possi$le review of common and proper nouns with the e"pectation that one or two of my students may need more than a short review. also anticipate some confusion regarding capitalizing cities and states with comma usage. Students will need clarification on titles for positions of recognition and e"planations for their correct use and capitalization.

Part 2 1. Conte#tual $actors Twenty students, from different cultural and economic $ac%grounds, enter my third grade classroom with e"citement and smiles. These students span a $road range of academic a$ilities and learning challenges. The children en#oy rich integrated lessons, which help them ma%e deep connections to the content we study. n my classroom, students sit on $alance $alls to allow plenty of room to wiggle at their seats and strengthen core muscles. 3roup pro#ects and partner wor% often enhance learning $y allowing students the opportunity to tal% to each other a$out strategies, opinions and to solve pro$lems in a team environment. ntegrating several levels of 4looms* Ta"onomy help insure students practice a variety of strategies in the classroom. Student a$ilities range from academically challenged to high school level math and reading s%ills. dentified and non0identified learning disa$ilities also impact lesson design and structure in my classroom. Two children are diagnosed on the &utism Spectrum. 1ne student receives assistance from a shadow throughout the day. 1ther students have difficulty with organization and motivation to complete any wor%. These children love to learn with each other in small groups and partners. Songs, games and pro#ects often help them reinforce s%ills or ideas they are learning. Students e"pect a variety of didactic and interactive lessons to help them learn content. 1ften a student will share an idea that will spar% a pro#ect or lesson for the class to learn. 5iscussions help the students listen to one another and understand different strategies or points of view. 4uilding strong units of study that challenge the students at their own level of development %eeps me thin%ing continuously a$out integration and differentiation with the intention of creating successful learning e"periences for each student.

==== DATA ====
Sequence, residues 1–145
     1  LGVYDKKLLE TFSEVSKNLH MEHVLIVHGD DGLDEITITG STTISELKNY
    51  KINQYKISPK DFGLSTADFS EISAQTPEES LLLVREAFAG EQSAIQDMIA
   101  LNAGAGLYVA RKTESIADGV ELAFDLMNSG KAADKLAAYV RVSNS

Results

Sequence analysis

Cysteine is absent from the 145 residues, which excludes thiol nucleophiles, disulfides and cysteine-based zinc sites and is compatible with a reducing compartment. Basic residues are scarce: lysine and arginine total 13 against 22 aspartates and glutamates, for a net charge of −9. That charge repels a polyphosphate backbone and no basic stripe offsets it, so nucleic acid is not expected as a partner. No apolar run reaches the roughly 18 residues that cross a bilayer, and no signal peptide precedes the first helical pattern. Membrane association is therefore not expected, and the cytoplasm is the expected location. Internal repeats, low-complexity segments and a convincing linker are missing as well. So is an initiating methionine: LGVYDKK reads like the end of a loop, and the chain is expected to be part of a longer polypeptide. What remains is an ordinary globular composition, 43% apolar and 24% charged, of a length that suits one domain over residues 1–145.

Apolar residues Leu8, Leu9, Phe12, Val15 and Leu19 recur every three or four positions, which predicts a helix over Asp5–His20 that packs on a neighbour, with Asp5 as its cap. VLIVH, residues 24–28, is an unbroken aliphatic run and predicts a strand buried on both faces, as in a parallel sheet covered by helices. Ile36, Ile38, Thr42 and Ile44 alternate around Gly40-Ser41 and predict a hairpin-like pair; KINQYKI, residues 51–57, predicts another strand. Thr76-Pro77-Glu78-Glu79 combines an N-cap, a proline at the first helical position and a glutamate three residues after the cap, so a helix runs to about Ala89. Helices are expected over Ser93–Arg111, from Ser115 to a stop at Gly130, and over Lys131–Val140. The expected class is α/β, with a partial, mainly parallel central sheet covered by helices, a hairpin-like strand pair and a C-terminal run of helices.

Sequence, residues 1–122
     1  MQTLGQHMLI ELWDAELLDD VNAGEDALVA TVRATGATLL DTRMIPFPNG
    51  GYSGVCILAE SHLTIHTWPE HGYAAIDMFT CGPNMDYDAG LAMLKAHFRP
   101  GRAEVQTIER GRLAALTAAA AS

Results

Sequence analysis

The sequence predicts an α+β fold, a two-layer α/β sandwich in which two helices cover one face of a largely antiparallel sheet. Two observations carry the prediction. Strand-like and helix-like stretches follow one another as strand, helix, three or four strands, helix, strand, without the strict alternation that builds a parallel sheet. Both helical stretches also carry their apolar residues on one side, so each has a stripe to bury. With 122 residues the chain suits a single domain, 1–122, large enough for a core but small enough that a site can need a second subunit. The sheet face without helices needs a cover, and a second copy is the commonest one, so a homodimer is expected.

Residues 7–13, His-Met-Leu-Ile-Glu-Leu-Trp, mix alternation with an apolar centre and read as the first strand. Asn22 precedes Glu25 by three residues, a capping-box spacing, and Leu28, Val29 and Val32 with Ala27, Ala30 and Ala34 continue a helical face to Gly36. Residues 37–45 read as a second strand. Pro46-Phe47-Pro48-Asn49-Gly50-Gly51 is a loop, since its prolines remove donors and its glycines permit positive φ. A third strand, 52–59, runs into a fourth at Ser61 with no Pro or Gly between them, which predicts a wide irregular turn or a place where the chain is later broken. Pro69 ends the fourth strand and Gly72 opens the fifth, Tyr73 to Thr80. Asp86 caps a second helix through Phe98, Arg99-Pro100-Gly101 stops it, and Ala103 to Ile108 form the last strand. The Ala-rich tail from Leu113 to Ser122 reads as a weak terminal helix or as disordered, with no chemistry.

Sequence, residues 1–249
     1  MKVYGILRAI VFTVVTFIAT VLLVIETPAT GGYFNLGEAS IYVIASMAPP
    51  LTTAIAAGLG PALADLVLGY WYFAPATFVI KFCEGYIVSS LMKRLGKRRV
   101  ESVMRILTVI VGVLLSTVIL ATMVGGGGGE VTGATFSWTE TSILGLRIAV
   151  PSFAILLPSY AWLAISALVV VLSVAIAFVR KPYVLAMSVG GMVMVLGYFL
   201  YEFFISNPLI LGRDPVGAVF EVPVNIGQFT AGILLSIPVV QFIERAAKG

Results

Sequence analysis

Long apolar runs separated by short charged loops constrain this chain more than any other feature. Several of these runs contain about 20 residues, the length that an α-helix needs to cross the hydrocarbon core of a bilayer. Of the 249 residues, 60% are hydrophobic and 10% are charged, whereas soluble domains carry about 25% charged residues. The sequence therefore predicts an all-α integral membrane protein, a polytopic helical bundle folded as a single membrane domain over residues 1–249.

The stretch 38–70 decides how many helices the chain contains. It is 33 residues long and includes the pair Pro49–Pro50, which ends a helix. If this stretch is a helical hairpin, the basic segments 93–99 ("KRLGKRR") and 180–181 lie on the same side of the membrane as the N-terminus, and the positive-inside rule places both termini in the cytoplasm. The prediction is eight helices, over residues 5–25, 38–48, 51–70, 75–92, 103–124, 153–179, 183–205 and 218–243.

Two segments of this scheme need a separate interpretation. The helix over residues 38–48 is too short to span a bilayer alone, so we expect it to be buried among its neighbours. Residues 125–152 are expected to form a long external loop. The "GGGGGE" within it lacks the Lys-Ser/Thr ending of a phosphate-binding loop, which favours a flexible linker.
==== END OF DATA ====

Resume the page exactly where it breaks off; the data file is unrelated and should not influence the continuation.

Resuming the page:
1ur school $oasts a small li$rary, one computer la$ 6shared $etween !7 classrooms8 and daily special classes that include music, art or dance. -aving only ! computer la$ ma%es hands on technology integration difficult. -owever, classroom pro#ectors and screens allow teachers to utilize we$sites and virtual field trips to enrich activities in the classroom. 3rade levels meet with specialists once a month to help integrate the arts curriculum into the classroom on a daily $asis. This alignment helps the school $uild a community of learners who connect curriculum to all areas of learning. 2. Learning %oals 2or this unit of study, wanted students to really understand the importance of language conventions. 5espite having taught integrated lessons on capitalization and punctuation several times this school year, students still were not applying themselves to improve these s%ills in their writing. &fter reading ,otivating Students to Learn and Classroom nstruction that /or%s, wanted my students to $egin e"amining their efforts and how they relate to their achievements regarding conventions of writing. 'nowing these students will $e competing for #o$s in a multicultural wor%force, they needed to ta%e on their own accounta$ility for conventions in order to $uild strong writing ha$its preparing them for 2!st Century s%ills including the 39*s and life and career s%ills. 1nce the conventions were in place, %new my students would then $e a$le to focus on writing interesting content that was easy to understand. Strong writing s%ills remain an important part of all curriculum including scientific and mathematic e"planations and the a$ility to relate historic events to their impact on cultures. Third grade Common Core Language 3.2 literacy clarifies that students should demonstrate command of the conventions of Standard English including capitalization and